Explore the real ancient Roman town of Ostia Antica, just 30 minutes from the center of Rome, and on a par with Pompeii in terms of preservation and historical significance.
On this page you'll find:
There are two answers to this question –
The first is, Ostia Antica is a small town on the outskirts of Rome, inhabited by approximately 11,000 people. This settlement grew up around the medieval castle of Pope Julius II (Castello di Giulio II) which was finished in 1486.
The second answer, and more common for visitors to Rome, ‘Ostia Antica’ refers to the sprawling archeological park containing the remains of the ancient town of Ostia.
It is the latter which is the focus of this page.
In my opinion, here are the top reasons to visit Ostia Antica:
Ostia Antica - both the modern town and ancient ruins – are located approximately 22km (as the crow flies) from the historic center of Rome, in the city’s tenth municipality district.
When the ancient Romans founded Ostia, they built their town along the banks of the river Tiber which connected Rome with the Mediterranean sea.
In the 2000 odd years since then, the course of the river has changed but it’s still not very far from the ruins or town – less than 500m in some places!
The park opens at 8:30 am in the morning, and closes at different times throughout the year, depending on the seasons – for full details, refer to the official site here.
Ostia Antica is predominantly an outdoor site, so make sure you come prepared.
While there are lots of trees throughout the park - providing much needed cover in the winter from rain, and shade in the summer – Ostia Antica is not far from the coast, and as such it is fairly exposed.
Also, in the winter the majority of Ostia Antica’s famous mosaics are covered to protect them from the weather.
There is no fixed date in the calendar as to when the covers are removed, so if the mosaics are a draw for you, be sure to visit in the summer.
If visiting in the summer, wear a hat and apply plenty of sun block – I learned my lesson the hard way when supporting an archeological dig on the outskirts of the park a few years ago during the hottest part of the year!
Visit our dedicated pages about what to pack for Rome for every month:
The easiest way to get to Ostia Antica is to take the ‘Lido’ train from Piramide station in central Rome – so called because ‘lido’ translates as ‘beach’ and two stops after Ostia Antica, you’ll find yourself within 5 minutes walking distance of the Mediterranean sea.
These trains run every 20 minutes on average, and the journey from Piramide to Ostia Antica takes around 30 minutes.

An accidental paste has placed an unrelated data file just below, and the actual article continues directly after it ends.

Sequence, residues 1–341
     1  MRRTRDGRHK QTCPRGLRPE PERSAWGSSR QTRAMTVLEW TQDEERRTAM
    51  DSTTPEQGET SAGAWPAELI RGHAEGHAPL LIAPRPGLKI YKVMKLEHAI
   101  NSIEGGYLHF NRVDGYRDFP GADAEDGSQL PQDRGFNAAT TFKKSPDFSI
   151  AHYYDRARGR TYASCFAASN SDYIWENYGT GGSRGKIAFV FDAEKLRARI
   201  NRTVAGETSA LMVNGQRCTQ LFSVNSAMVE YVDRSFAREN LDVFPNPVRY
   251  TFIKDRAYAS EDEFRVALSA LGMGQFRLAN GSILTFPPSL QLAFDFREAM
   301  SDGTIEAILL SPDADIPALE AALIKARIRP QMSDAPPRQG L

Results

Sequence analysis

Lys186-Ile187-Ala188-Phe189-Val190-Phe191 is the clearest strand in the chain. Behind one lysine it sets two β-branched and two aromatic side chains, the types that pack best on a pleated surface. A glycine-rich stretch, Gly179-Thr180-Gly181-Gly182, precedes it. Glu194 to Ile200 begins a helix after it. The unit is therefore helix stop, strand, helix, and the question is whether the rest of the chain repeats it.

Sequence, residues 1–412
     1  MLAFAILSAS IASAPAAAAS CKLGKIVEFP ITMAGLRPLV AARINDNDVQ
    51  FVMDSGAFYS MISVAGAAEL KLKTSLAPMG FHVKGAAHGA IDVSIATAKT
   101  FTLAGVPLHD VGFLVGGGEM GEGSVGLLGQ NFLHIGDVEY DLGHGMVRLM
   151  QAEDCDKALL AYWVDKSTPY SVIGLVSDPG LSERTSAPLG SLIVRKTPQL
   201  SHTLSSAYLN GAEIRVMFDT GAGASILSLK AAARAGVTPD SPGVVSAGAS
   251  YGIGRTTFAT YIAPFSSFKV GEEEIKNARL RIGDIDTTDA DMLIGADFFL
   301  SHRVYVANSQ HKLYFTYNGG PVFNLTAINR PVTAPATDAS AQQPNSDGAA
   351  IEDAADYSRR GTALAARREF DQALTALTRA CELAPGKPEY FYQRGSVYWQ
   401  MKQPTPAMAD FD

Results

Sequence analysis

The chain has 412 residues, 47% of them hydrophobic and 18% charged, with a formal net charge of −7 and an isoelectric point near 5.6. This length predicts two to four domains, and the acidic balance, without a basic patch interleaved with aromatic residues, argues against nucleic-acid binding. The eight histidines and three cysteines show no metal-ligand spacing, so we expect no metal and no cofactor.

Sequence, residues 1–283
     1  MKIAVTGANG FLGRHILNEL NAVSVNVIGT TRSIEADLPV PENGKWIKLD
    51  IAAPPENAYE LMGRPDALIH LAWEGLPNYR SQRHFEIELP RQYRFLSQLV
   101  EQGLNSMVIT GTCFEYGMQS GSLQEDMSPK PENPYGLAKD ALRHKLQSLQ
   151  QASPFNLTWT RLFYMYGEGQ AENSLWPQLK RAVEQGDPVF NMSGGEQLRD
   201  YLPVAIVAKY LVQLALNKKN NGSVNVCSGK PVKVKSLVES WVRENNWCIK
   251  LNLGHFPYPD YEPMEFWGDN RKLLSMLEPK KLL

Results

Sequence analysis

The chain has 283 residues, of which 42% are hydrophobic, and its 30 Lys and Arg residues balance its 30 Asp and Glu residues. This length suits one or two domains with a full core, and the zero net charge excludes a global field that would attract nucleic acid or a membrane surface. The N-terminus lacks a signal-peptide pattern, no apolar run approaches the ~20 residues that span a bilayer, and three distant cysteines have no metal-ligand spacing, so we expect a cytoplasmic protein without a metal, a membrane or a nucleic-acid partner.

As the Lido line is officially part of Rome’s metropolitan public transport network, you only need a regular 1.50€, 100 minute travel ticket (two tickets required for a round trip) – pretty good value in my opinion!
Make sure you have tickets ready for the return trip before you set off. For more information about Rome’s public transport, visit our dedicated page here.
Another option is to drive to Ostia Antica – following Google Maps will take you directly to the park entrance where there is a large, completely free-of-charge car park.
Unfortunately, Ostia Antica is not the most accessible site for those with mobility challenges.
The principal routes through the park follow the same ancient roads that the Romans walked, and as such the surfaces are extremely uneven and all visitors should pay close attention to every step they take.
However, efforts are being made to improve this – along the main paths, some sections have been leveled (but consider these will be muddy in bad weather), and ramps have been installed to enable access in some of the more restricted areas.
There is also a modern road which runs along the edge of the park (but inside the park boundaries) which connects the ticket office and entrance area to the museum and toilets.
If the uneven surfaces of the ancient roads are proving difficult, I’d recommend using this road to see the site – it provides some great views of some of the main monuments (and direct access to the theater area) with none of the stress of traversing the ancient paving.
You do not need permission to access this road but do consider that vehicles use it in conjunction with the site management.
Yes - sometimes!
On the first Sunday of every month (since the scheme restarted in April 2022), visits to Ostia Antica are completely free of charge for everyone – no catches!
Most of the significant monuments are in the center of the park, and as such you can only catch fleeting glimpses as you pass in a car or on the train, so this is not a site that can be seen from outside.
The one notable exception is the ancient synagogue of Ostia – this can be seen pretty clearly from the SR296 road connecting Ostia Antica town to the Fiumicino area (near the main Rome airport). It is not possible to stop on this road to view the synagogue but if you are passing, keep an eye out!
If you are looking to save money on the entrance cost to Ostia Antica, there are a few ways to do this:
Unlike a lot of sites in Rome, ticket options for Ostia Antica are very straightforward.
You have two options:
One of the things I love most about Ostia Antica is the freedom you have when visiting to explore the site – few areas are off limits, and you’ll find clear information boards throughout.